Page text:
2016 / 1

Social Life Cycle Assessment (LCA)—the analysis of social impacts spanning the complete value chain of a product or process—has never been more important than it is today for understanding and correcting widespread social injustices. In an increasingly interdependent world, we need to think and analyze systematically. Social LCA helps us expose in systemic fashion the social consequences of the dominant global development paradigm and, in so doing, has a vital role to play in redirecting global change towards a Great Transition future.

The industrial agriculture system is broken. It is past time to move toward a new model—agroecology—for the sake of our environment, our health, and our communities.

Commentary by M. Jahi Chappell, Sujata Dutta Hazarika, Timothy Wise, and others, and a response from the author.

Where are the seeds of a new agricultural paradigm? Lessons gleaned from prairie ecology can help us overcome the dualism between nature and agriculture.

A Recipe for Change?
April 2016

Michael Pollan’s new book shows how cooking can contribute to personal and social transformation. But lifestyle changes are not enough to address the systemic crises we face.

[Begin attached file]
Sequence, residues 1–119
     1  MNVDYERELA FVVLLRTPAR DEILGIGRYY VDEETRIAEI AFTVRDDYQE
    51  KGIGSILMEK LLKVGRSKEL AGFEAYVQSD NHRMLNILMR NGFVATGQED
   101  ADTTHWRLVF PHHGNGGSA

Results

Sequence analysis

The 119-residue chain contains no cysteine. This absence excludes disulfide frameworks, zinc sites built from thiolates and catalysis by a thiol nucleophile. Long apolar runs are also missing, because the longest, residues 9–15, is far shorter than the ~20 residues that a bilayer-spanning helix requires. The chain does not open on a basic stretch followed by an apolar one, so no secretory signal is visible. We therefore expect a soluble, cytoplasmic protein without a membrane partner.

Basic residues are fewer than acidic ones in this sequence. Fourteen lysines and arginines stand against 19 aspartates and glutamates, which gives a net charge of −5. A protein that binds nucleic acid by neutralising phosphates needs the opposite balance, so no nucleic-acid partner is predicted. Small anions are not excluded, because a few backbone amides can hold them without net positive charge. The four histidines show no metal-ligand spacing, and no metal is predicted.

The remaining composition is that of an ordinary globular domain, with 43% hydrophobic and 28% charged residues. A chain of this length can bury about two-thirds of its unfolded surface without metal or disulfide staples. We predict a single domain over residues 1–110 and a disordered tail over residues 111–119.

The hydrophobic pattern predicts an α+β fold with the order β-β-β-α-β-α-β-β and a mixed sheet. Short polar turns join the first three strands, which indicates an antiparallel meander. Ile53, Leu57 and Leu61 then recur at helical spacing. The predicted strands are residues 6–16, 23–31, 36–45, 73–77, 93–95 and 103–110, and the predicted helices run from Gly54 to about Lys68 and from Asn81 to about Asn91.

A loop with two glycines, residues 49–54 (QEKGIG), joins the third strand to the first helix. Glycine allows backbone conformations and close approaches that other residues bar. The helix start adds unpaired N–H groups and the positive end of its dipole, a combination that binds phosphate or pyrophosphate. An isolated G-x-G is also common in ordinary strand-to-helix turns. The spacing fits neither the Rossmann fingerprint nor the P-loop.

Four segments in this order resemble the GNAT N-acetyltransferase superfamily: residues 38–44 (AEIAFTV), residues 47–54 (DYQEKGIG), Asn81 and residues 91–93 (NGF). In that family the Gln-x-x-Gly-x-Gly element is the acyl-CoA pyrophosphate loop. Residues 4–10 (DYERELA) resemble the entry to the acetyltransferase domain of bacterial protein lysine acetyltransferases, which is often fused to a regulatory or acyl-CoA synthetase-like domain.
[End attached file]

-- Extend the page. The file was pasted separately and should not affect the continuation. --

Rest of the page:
Modern neuroscience suggests that the roots of consumerism lie in our neural circuits for reward learning. Contemporary capitalism truncates the diversity of satisfactions, feeding the hunger for the material rewards it offers. The enrichment of daily life and expansion of satisfactions, not their renunciation, is essential to a Great Transition.

With commentary by Neva Goodwin, David Korten, Sheldon Krimsky, and others, and a response from the author.

Can corporations become socially responsible actors in a globalizing world? The recently retired Founding Executive Director of the UN Global Compact discusses the prospects for moving beyond incremental change. He finds reasons for hope in increased transparency and collaboration.

Fueling Value Change
February 2016
In Foragers, Farmers, and Fossil Fuels, Ian Morris argues that changes in energy capture have driven changes in human values. However, understanding this relationship as co-evolutionary, rather than merely linear, is key as we shape values and energy systems for a sustainable twenty-first century.